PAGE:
The principal is the moral leader, a high priest. Teachers are clergy. Students are novices being inducted into the order. What is studied is good; what is ignored is ignoble. What the teacher or principal tells you, you do. The rules of the school are sacrosanct; authority is unquestioned. Success is acceptance as a properly educated person; a kind of character formation. Infractions are moral evils, a kind of sin.
the main concern of the factory is efficiency The principal is CEO or production manager — “instructional leader” to use a term very much in vogue. Teachers are workers or foremen to students’ being, respectively, raw material or workers. Success is judged by testing outputs. Infractions are dealt with because they impede production.
knowledge, position and power. Negotiation is the process but which concerns are dealt with and appeals to morality or efficiency are just part of this process.
The principal is the representative of an interest group: administration. An individual teacher represents teachers. A student, students. Each is a negotiator for the goals of his or her special interest group.
Moral Community: "Temple" Productive Organization: "Factory" Political Marketplace: "Town Meeting" Benefits Clear Authority Sense of Community Personal contact Ends control means Role models are available Sense of unity Power can be confronted Deep Consensus Given goals, clear measures of costs and benefits Impersonality of decision Technology is applicable Means can be optimized Deep Consensus Moral equality Changeability Responsiveness Broad Consensus Costs Castes develop: -- leaders vs followers -- in-group vs outcasts Domination Nepotism Stereotyping Suppression of dissent, variety Power disguised Narrow Consensus Disputability of Goals Alienation Avoidance of Ethical Issues Roles defined: planners, doers Narrow Consensus Power tends to dominate Instability Frivolousness Shallow Consensus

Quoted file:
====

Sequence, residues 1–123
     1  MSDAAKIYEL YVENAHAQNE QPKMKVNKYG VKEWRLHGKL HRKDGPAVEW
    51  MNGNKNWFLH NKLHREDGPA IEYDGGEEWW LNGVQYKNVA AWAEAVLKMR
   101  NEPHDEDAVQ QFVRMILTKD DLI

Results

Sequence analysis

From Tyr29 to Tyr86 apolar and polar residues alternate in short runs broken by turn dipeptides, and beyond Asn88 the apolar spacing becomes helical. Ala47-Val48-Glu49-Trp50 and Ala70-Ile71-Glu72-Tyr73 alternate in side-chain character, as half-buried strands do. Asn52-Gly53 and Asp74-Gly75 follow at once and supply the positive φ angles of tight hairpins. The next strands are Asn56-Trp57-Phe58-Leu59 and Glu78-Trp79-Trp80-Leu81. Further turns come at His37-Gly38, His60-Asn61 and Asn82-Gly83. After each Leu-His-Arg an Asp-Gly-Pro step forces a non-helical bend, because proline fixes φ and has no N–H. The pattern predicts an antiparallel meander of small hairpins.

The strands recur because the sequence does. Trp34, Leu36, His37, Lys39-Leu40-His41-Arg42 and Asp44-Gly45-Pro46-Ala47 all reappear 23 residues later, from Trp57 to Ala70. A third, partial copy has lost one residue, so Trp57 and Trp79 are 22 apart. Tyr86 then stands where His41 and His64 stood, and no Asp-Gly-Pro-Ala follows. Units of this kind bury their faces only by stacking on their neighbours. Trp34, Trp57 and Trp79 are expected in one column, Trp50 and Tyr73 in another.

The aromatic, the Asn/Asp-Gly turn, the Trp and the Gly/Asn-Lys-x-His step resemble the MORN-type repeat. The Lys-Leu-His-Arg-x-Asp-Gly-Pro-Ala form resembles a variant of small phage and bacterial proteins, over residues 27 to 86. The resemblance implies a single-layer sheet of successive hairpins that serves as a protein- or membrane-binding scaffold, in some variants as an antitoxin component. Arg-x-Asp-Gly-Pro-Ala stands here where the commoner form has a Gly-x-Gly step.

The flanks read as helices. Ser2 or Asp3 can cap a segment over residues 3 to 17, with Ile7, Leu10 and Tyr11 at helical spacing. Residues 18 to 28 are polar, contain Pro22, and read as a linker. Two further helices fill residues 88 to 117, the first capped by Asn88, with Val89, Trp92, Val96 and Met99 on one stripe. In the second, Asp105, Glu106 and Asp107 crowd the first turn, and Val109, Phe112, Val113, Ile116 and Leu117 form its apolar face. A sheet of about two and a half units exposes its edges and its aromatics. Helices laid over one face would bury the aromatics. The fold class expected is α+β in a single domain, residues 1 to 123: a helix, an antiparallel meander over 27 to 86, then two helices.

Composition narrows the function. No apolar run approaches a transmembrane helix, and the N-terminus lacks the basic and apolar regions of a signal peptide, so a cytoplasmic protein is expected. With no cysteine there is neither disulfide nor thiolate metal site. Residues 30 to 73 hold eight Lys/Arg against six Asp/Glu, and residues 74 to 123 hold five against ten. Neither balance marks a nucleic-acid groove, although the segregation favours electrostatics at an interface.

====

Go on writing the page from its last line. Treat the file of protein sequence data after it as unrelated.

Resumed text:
Divide into groups. Each member of the group will research and prepare a response to the question, "What kinds of student activities help students become better thinkers?" from the point of view of one of the following philosophers: Aristotle, Plato, St. Thomas Aquinas, John Dewey, and Soren Kierkegaard. Participate in a group dialogue representing the point of view.
You will find a mission statement posted on all of the following K-12 school Web sites. Goodwin School Shafter Elementary School Evergreen Kingsburg School
Which of the philosophies covered can you identify within these mission statements? What Web site elements photos, content, format give credence to your appraisal and validate the school's philosophy? Are there conflicting messages?
Which mission statement is most appealing to you? What does this tell you about your own philosophy of education?
From the historical or lived knowledge and experience of curriculum , design a concept map that shows a detailed one-page working metaphor of curriculum . (I use Inspiration 8 software – free 30 day trial from the web, but a word web is fine.)
[Examples that have been developed before: garden, race, house, city: but you begin thinking “ curriculum is like a ___” and then develop its parts.]